Crowsnest information for Manta m4p

Use this device name for your USB webcam setup on the Manta M4P Control board

Lessons Learned

I took a long time to build this printer and was able to learn quite a bit. The biggest takeaway that Klipper is a really useful firmware to run on your printers. I am not sure why I hesitated so long to try it.

A second lesson I learned is to not trust all the documentation. By using the tools you have (in my case a multimeter) you can troubleshoot a lot quicker. Had I used the meter in the first place, I would have not had 3 or 4 very frustrating days of trying to understand why my motors would not move anything.

Don’t be afraid to test different settings out in the firmware, especially when running Klipper. By having the laptop right there, hitting the E-stop is quite simple, so you can test out all sorts of settings and stop the printer immediately if something goes awry.

Manta M4P Control Board Is It Worth It?

I am quite impressed with what the BTT has put out on the Manta M4P control board. I do think that the first wave of boards came out a little hastily. However, once some of the bugs were sorted out with the firmware, and the Wi-Fi connectivity issues were solved, this board truly is the next generation of 3D printer control boards.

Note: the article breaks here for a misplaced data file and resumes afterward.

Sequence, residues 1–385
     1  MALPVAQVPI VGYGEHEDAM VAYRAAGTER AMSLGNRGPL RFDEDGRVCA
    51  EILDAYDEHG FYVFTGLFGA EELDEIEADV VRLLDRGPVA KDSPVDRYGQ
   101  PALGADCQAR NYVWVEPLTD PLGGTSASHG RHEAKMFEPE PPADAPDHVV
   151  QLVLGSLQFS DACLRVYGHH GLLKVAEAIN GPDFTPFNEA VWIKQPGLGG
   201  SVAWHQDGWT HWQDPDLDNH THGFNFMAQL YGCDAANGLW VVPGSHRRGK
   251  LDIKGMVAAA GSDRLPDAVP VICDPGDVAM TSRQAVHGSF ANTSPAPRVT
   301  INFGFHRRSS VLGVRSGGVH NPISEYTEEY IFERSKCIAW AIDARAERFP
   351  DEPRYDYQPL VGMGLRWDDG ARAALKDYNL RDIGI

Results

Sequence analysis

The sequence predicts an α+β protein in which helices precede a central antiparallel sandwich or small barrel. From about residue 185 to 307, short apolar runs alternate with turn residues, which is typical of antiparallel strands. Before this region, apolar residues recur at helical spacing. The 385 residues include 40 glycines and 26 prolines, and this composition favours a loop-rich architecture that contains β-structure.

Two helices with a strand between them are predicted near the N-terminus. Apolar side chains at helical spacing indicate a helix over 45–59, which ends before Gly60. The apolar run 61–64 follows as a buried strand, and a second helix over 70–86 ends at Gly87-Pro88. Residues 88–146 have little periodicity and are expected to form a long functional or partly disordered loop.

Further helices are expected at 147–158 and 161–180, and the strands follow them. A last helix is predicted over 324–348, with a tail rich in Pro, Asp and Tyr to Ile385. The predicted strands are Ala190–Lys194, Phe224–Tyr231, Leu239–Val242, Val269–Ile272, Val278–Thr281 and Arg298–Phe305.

I love how easy it is to do the wiring and how well BTT documents the setup procedures to get this board installed and running relatively quickly. In the future, I am fairly certain I will be swapping out some more printers to run the BTT Manta rather than the SKR boards, primarily due to their capability to have a raspberry pi type board connected directly to the printer.

Overall, I would recommend that everyone should at the very least check out what BTT has to offer on the Manta M4P control board. You can pick one up on their website directly, and fairly reasonably priced at only $50 for the board, or $82 for the board and CB1.

Share:

Facebook
Twitter
Pinterest
LinkedIn
We will be happy to hear your thoughts

      Leave a reply

      This site uses Akismet to reduce spam. Learn how your comment data is processed.

      On Key

      Related Posts

      inov3d
      Logo